The next Meherbano knows, the bloodstained carrier pigeon flies back to her, and messengers arrive to tell her father the news: Gul Mirza has been killed! Afsar-ud-Daulah sends two ladies of the court to console Gul Mirza’s mother (?) and to assure her of Afsar-ud-Daulah’s promise that Gul Mirza’s pension will be given to her.

Meanwhile, Afsar-ud-Daulah has been cursing Gul Mirza. He has discovered Meherbano’s long-ago note telling Gul Mirza not to meet her again (Gul Mirza had accidentally dropped the note at his last meeting with his boss). Afsar-ud-Daulah has realised that Meherbano’s interest in Gul Mirza had reached dangerous levels. The only way to rid Meherbano of this silly infatuation—even if the object of her affections is now dead—is to get her married off. So he begins pelting her with proposals from various eligible noblemen.

Eventually, Meherbano, still pining for Gul Mirza (whom she was never affectionate towards while he lived), becomes so dull and listless that the physician recommends that she be taken away for a while to more salubrious climes.
If you do want to see this film through to the bitter end, this is where you should stop reading this review, because I’m actually going to write what happens. Major spoilers follow.

Spoiler ahead:

Meherbano’s trip out of town proves very healing, because who should she meet coming her way but Gul Mirza himself! No, not a ghost, but the man. It turns out that he was badly injured and left for dead on the battlefield, but rescued by some gypsies (who, by the way, may be rebels). Much happy romancing follows, though this being Mughal India in a 1954 film, it’s all very chaste and long-distance: most of the time, Meherbano and Gul Mirza sing joyous songs, she in her chambers and he (with assorted pals!) in his.

None of this goes down well with Afsar-ud-Daulah. Outwardly, he pretends he’s pleased Gul Mirza is back from the dead; on the other hand, he plots with an enemy of Gul Mirza’s and tries to have the young risaldar murdered one night. Gul Mirza gets the better of his attacker, and kills him instead. The result of this is that Afsar-ud-Daulah accuses Gul Mirza of joining the rebel gypsies. He brands Gul Mirza a traitor, and when Gul Mirza disappears from his own home, Afsar-ud-Daulah announces a reward of 1,000 asharfis for anyone who will help arrest Gul Mirza.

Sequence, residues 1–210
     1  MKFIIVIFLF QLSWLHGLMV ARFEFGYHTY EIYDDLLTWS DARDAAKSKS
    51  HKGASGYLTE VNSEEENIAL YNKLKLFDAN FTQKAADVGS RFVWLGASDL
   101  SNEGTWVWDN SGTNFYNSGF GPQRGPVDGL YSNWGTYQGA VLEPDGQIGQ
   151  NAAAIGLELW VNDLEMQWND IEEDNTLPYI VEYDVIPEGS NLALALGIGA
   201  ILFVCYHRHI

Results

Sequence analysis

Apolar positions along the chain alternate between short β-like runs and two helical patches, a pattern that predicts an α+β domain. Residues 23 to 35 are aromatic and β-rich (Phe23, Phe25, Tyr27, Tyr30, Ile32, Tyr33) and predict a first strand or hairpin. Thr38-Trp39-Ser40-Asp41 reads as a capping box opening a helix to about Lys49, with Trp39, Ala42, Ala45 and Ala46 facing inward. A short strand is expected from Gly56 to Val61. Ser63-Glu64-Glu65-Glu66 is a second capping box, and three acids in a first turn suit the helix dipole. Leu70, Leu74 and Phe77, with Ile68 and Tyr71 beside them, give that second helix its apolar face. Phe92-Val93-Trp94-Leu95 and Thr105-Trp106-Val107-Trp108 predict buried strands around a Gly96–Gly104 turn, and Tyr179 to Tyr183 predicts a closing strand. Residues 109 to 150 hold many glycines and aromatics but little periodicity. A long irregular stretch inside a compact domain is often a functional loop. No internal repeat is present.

Much happens: Gul Mirza, disguised as a sufi, goes to meet Meherbano’s mentor and tutor, the old man Arif, who advises him to tread cautiously. Gul Mirza is however far from cautious: he meets (still disguised as a sufi) Meherbano at a dargah one Thursday, and then one evening sneaks into her balcony to talk to her. Meherbano is initially flustered and jumpy, but then calms down enough to chat with him. Their chatting goes on late into the night and before they know it, they’ve fallen asleep.

They wake up the next morning, and Meherbano’s in a panic, wondering what people will think when Gul Mirza is found creeping out of her room at this hour. Worse, Rehana arrives, to tell Meherbano that her father Afsar-ud-Daulah is coming. Meherbano and Gul Mirza rush out into the garden and Meherbano tries to persuade him to get into that cauldron again. He dillies-dallies: he won’t hide like a coward.
But Meherbano is terrified of what will happen if her father finds Gul Mirza here; so she sings O parwaane, shama ko apni ruswa na karna (“O moth, do not let your flame be disgraced”), and Gul Mirza obediently climbs into the cauldron.

Afsar-ud-Daulah arrives in the garden and (helped by one of Meherbano’s traitorous ladies in waiting) realises that Gul Mirza is in the cooking pot. He doesn’t say so to Meherbano; instead, he asks her why the cauldron is there, and when she says it’s to heat water for her bath, he asks why a fire hasn’t been lit under it. Meherbano can think up no fitting reason, and her father calls for the fire to be lit.

At this point, I’m waiting for Meherbano to suddenly show that she is, after all, a true lover: a woman of strong character who will stand up for her love. And guess what she does? This stupid, selfish, cowardly, lowdown moron of a woman goes down on her knees and starts singing, begging (in metaphor, of course, since Daddy’s standing right behind her) Gul Mirza to stay in the cauldron, because if he emerges from it, Meherbano’s reputation will suffer.

And Gul Mirza stays in the cauldron. The End.

What I didn’t like about this film: (Yes, I’m turning the usual layout of my blog posts on its head; I am so utterly disgusted with this film, I need to vent my spleen!)

What the—?! I know I’ve read this story—the bit about the lover in the cauldron, who is boiled alive by another man (I think a cuckolded husband, in the original version)—but where, I don’t remember; it may be a folktale or something. (The film’s credits say the story’s been inspired by a Mughal legend). But I do remember that the story was more impersonal: the man who was killed in that gruesome fashion wasn’t a hero whom one had come to like and sympathise with in the course of the story. I would have settled for Gul Mirza being killed on the battlefield. But so ignominiously and so horribly? Ugh.